In “Margaritaville,” Some people claim that there’s a woman to blame, but everywhere else, people claim a white man’s to blame, and heaven help him if he’s also from the South, that part of the country everyone everywhere else loves to libel, mock and belittle in every possible way.

I saw my Facebook picture in the post office on the elitists’ most wanted list:

  • Some kid in Peoria got diarrhea on his 10th birthday party and, like many “crimes” these days, witnesses who weren’t even there told CNN that I did it with some kind of hex or chemical that caused his green apple quick step.
  • One of protesters blocking the 101 freeway in California said he couldn’t cope with the election results and guess who caused Hillary to lose. Even though the young man–one of those with no coping skills and spent Halloween in a safe room at college–said he “just knew” I rigged something and caused Hillary to lose.
  • A man in New Jersey failed to respond to a chain letter and after he met with a horrible demise, his heirs said they were “pretty damned sure” I created the chain letter and all the bad luck that followed in its wake.
  • Some people holding a seance in California, were told by well-meaning spirits that the reason their state is talking about a CALEXIT secession from the Union is–guess who?–me. They even marched on Sacramento and demanded that my California birth certificate be destroyed since–being old, white and in the South–I was “in all probability” the catalyst for all of the nation’s ills.
  • Any time one of the 800+ American hate groups monitored by the Southern Poverty Law Center says or does something abominable, I (and other old white guys) are presumed to have signed off on it even though we haven’t heard of the groups.

I don’t want to complain overly much, but being the default scapegoat for so many diverse ills is a tiring job. Sherman, who is not well liked in Georgia, once said, “I will not accept if nominated and will not serve if elected.” Hell, I wasn’t even nominated as the scapegoat; I (along with all the other old white guys) just got voted into the job by the same kind of elitist attitude that would bring a person to tell my wife and I she’s just so sorry we got stuck in Georgia.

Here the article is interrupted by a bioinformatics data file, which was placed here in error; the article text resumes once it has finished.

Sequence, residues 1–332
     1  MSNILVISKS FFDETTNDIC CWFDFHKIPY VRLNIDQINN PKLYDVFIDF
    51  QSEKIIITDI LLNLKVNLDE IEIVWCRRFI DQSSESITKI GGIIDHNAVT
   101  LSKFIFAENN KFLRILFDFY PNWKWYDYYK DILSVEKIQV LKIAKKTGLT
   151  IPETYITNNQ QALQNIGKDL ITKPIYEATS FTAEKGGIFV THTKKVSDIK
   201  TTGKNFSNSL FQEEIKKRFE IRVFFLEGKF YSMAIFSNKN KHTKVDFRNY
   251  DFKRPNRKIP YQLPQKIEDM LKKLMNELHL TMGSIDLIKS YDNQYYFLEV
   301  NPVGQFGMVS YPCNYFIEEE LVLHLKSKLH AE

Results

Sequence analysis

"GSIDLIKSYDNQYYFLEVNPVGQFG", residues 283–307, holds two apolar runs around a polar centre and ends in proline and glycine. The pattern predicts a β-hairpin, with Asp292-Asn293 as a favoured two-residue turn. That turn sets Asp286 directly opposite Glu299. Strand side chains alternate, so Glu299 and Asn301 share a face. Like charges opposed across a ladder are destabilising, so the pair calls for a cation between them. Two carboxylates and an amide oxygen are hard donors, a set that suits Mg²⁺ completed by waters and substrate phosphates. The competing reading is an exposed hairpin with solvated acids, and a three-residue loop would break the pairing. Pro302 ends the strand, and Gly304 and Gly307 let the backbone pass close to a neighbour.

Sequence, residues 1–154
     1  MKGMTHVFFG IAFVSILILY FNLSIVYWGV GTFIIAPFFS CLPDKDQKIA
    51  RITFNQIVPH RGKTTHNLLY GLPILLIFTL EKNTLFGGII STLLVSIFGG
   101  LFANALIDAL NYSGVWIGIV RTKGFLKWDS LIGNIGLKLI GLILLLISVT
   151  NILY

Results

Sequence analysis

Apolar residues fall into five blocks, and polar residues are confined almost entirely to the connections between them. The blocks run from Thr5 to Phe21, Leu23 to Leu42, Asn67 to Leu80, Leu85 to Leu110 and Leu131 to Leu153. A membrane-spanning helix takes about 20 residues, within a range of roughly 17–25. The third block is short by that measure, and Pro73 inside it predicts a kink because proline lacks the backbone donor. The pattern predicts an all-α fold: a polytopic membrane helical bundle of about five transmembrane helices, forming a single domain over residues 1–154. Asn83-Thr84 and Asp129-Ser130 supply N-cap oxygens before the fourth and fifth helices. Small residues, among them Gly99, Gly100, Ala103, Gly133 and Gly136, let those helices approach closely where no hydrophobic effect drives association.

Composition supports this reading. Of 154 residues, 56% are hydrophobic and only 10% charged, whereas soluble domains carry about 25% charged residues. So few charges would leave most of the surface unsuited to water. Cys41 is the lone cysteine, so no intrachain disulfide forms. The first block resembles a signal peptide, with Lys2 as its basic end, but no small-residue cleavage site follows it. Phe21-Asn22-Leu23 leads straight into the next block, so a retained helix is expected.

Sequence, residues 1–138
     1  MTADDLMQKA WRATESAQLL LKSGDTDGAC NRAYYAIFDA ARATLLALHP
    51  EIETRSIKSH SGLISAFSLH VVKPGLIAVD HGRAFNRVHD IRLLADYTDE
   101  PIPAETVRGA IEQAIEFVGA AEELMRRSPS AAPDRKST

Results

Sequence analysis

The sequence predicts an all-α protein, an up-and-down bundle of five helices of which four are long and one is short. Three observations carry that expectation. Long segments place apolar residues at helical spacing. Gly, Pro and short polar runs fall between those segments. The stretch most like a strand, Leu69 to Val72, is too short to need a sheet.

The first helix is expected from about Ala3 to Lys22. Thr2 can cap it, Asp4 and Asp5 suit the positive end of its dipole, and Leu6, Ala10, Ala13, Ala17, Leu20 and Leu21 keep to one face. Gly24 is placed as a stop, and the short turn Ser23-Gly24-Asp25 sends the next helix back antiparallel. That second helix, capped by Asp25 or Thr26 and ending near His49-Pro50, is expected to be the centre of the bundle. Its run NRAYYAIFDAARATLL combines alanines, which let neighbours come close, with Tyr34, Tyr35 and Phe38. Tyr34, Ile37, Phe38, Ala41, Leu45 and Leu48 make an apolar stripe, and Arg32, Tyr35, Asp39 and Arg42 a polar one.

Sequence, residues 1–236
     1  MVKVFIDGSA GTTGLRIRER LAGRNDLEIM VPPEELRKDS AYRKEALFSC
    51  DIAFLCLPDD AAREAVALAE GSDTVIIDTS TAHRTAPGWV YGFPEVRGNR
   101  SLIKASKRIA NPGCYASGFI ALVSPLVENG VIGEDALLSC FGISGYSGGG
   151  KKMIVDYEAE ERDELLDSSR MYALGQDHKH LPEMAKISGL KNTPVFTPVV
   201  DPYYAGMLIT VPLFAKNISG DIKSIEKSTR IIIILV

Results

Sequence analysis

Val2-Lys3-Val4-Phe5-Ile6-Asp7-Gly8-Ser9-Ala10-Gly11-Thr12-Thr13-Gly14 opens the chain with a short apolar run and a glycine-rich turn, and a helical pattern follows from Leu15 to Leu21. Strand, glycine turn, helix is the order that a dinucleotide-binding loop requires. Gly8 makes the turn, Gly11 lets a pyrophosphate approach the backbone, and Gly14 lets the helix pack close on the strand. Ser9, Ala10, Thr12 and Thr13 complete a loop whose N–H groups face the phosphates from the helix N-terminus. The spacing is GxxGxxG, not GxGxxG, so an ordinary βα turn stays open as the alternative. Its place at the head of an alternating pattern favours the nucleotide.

Sure, I have an alibi for every crime on the list attributed to me, but in these interesting times, alibis don’t matter because my so-called “white privilege” (they say) allows me to rig the system and do whatever I want. That’s the assumption when I tell them I wasn’t there when they stubbed their toe on one of their cats or got drunk with hookers and got caught by their wives.

So, when it comes down to it, I can see that people’s perception of me (and my fellow white guys) is a projection they have created and that they now believe is the gospel truth. It’s hard to argue with that because folks think they’re right rather than nuts. Most of these people could be cured with Xanax or pot, but “recreational” cures are slow in becoming legal.

If you ever look at many of the things happening in the world and think the perpetrators are lunatics, you’ll know how I feel about those who blame me for for their problems. On the other hand, I know that blaming me gives many people a way to sleep at night.

–Malcolm

Malcolm R. Campbell is the author of satire, fantasy, and magical realism novels.